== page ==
• All LinkedIn Members: Everyone, including those that work at your company.
  • Recruiters Only: With this option, it will only show the photo frame to people using LinkedIn Recruiter. The network also takes steps to ensure people at your current company do not see it.
Who sees you're open on LinkedIn.

Step 5: Add to profile

Once your settings look good, then you can click “Add to profile” to save and activate the settings. 

Step 6: Update job alert settings

You’ll then get one more final pop-up. It will ask you about your settings to turn on email alerts and notifications when you log in. You can choose to turn them individually off if you prefer. 

LinkedIn alert preferences.
 

That’s it! You now have the Open to Work option enabled and you should see the profile image frame on your picture.

And yes, you can return to this settings page to update it or even deactivate it at any time if you’re no longer looking for a job or don’t want to show up in searches performed by recruiters.

How to Remove Open to Work on LinkedIn

Do you want to turn off Open to Work on LinkedIn? No problem! You can return back to your profile and you’ll see the “Open to work” grey box under your name and headline. 

Remove open to work settings on LinkedIn.
 

To delete it you can either click the pencil icon or you can click “See all details.” Your settings box will pop back open and you’ll see a “Delete from Profile.” After you confirm, your profile will refresh and the Open to Work is gone!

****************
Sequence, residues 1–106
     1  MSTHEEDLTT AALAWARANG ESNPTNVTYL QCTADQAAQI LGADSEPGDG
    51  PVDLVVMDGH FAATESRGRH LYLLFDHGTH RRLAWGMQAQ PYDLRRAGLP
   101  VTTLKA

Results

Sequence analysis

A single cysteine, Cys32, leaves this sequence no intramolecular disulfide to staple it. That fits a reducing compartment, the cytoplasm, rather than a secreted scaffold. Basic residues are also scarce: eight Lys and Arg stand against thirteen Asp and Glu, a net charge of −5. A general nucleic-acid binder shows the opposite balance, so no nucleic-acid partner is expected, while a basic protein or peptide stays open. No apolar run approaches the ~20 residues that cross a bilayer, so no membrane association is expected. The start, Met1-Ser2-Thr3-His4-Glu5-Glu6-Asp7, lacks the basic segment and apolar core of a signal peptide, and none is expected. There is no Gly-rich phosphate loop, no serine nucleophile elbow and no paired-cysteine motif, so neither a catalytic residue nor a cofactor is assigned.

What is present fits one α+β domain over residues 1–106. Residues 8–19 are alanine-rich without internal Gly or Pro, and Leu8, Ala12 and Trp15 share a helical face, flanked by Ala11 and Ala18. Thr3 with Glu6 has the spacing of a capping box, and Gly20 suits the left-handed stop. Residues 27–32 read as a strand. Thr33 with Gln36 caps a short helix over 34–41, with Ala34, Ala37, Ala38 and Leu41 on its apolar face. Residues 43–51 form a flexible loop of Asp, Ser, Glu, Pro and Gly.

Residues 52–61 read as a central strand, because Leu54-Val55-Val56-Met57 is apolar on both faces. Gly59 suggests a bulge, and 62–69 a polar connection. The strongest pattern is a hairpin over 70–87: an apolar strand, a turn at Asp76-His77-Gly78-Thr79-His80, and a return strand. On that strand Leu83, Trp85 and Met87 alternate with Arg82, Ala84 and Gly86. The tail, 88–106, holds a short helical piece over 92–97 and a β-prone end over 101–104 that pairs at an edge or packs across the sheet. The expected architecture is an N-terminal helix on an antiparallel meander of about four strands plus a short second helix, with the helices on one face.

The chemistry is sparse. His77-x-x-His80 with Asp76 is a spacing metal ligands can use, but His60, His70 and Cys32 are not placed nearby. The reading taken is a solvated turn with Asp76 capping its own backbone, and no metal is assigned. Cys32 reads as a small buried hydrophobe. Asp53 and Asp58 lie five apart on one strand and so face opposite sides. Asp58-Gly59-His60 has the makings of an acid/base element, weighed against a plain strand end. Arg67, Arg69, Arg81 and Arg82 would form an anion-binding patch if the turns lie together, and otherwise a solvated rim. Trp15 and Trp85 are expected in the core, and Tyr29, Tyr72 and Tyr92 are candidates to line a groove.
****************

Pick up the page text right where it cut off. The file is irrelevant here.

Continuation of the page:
Delete open to work from LinkedIn profile.

How to Make the Most of Open to Work

Although having Open to Work is a good start, your job search is not done here! While recruiters may discover you and send direct messages (or InMails as LinkedIn calls them), don’t get lazy. 

Turning this option on doesn’t magically give you thousands of job opportunities. You’ll want to ensure your profile is filled out and detailed, plus you should keep applying to jobs too. 

Lastly, your LinkedIn does not just have to be a boring digital resume. It should tell the story of who you are, your knowledge, and why a company should want you to join them. 

Things to do to help you stand out:

  • Clear and professional-looking profile image. Make sure in your privacy settings to ensure your photo is visible to all LinkedIn members.
  • Fill in your LinkedIn headline with something description, fill out the “About” section with further details, and update your “Experience.”
  • Also, if you have some work you want “Featured,” this is something good to add to your profile page. I recommend at least three things you produced/created to show off. 
  • You can add any volunteer experiences you have, which can show off additional skills and your work ethic.

And use LinkedIn to find jobs too. Even with the Open to Work function on, your own job search and applications should continue. These will give you the best options for having interviews and finding that next great gig. 

Downsides Of Using Open To Work on LinkedIn

For those job seekers that currently are working full-time, you want to be careful about this feature. While it can help you stand out to recruiters looking for candidates, LinkedIn can’t guarantee complete privacy. 

The social network is able to take the company you currently work at and use it as a filter to block recruiters at your company from discovering it. However, they could have other recruiter friends look into their organization to find out who is searching. And it could put you at risk in your current job.